Clarkston Finds Support To Decriminalize Marijuana Possession

Al Such / WABE

The city of Clarkston’s public safety committee held a public hearing Friday to discuss Mayor Ted Terry’s proposal to decriminalize marijuana possession.

The proposal would change the penalty from jail to a fine and would authorize city officers not to arrest people caught with less than an ounce of marijuana. 

Currently, suspects face up to a year in jail and a $1,000 fine. Mayor Ted Terry says one idea is to impose a $5 fine.

Terry said he believes giving people life-long criminal records for low-level, non-violent drug offenses is not just and disproportionately affects African-Americans, who are more likely to be stopped by police than whites in DeKalb County.

At the meeting, Terry shared his personal story of how he was impacted by an arrest by Atlanta Police in 2006 while canvassing for the Sierra Club.

Many in the crowd thanked the mayor and praised the City Council members for the proposal, applauding and repeating the city’s slogan, “small town, big heart.”

James Bell, who runs the Georgia Campaign for Access, Reform and Education Project and lobbies for legalization of marijuana, attended the meeting. 

“Tonight is certainly refreshing,” said Bell. “It’s a bit of fresh air and a bit of truth that our public needs to hear.”  

Clarkston Police Chief Christine Hudson thinks the fine will need to be higher than $5, but she supports the ordinance.

“My officers are out there, they’re not out that worried about catching that person with marijuana less than an ounce,” Hudson said. “They don’t want to do all that paperwork.”

Hudson said in the past two years, there have been 77 marijuana cases where officers found suspects with less than an ounce of marijuana. She said 15 of those cases involved a second charge, which prompted their case to be sent to state court. Thirty eight people were given a citation and released on scene and 24 were taken to jail to post a bond and charges were heard in municipal court. No one was sent to prison for possession of less than an ounce of marijuana.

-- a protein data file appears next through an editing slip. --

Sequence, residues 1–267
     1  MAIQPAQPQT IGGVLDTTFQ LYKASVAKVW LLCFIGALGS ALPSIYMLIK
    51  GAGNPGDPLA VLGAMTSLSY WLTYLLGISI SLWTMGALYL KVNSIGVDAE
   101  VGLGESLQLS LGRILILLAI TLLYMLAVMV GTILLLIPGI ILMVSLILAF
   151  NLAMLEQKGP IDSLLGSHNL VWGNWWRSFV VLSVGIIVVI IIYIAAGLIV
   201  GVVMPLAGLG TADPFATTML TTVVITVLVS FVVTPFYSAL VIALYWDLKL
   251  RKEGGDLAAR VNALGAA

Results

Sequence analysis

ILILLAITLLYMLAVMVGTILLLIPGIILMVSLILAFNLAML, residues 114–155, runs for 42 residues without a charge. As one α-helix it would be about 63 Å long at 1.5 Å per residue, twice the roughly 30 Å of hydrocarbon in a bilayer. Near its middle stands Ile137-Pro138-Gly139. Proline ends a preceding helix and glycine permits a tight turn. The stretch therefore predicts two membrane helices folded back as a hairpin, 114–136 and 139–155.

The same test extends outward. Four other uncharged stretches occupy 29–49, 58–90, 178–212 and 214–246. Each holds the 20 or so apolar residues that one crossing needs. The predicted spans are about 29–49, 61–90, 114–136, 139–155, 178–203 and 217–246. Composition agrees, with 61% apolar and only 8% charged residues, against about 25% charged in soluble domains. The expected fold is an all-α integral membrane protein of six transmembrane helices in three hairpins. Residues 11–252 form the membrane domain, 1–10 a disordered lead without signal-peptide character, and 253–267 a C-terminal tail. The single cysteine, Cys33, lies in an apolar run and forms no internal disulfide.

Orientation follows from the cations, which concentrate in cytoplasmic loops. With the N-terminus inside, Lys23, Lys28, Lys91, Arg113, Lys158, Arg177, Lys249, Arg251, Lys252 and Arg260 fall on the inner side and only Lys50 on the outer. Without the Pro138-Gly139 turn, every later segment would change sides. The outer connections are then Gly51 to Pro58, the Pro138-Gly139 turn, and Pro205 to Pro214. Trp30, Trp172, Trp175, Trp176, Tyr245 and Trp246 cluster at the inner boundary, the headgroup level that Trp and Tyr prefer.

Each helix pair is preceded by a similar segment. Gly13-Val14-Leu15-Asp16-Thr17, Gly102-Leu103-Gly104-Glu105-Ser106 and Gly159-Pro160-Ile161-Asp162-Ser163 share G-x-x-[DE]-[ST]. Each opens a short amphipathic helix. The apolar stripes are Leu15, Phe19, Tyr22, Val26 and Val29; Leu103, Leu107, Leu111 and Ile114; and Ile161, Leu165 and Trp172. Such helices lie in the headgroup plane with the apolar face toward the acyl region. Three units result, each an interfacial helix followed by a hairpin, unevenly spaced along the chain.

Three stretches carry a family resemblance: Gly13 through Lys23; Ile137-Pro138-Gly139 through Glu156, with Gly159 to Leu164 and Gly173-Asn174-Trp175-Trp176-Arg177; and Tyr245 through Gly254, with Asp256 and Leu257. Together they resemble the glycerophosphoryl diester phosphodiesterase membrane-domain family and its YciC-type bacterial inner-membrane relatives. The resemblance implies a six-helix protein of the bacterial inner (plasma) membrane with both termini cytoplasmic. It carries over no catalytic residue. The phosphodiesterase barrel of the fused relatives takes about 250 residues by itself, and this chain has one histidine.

National Families in Action opposes legalization of marijuana, but the group’s founder Sue Rusche said decriminalization is a good step. But she said that Clarkston should also consider a threat of arrest unless people complete educational or treatment programs if caught with less than an ounce of marijuana.

“I think you have an opportunity in Clarkson to do something that very few if any other communities have done and take a leadership role in showing them how to do it in a way so you add more than one goal, to switch it from criminal justice to public health,” Rusche said.

Councilman Dean Moore said the proposal came out of discussions with council members about arrest records making it difficult to get job interviews. He expects to vote on an ordinance next month.

“We’re not condoning the use of it or intoxication under any form,” Moore said. “Really the subject is incarceration, arrest records, inability to get employment because of arrest for marijuana … and not be marginalized by a small amounts of substance that most Americans are already using.”

Orlando is the latest city in Florida looking to decriminalize marijuana. Volusia, Miami-Dade, Broward and Palm Beach counties in Florida, as well as the city of Tampa, already have civil penalties in place for minor marijuana offenses.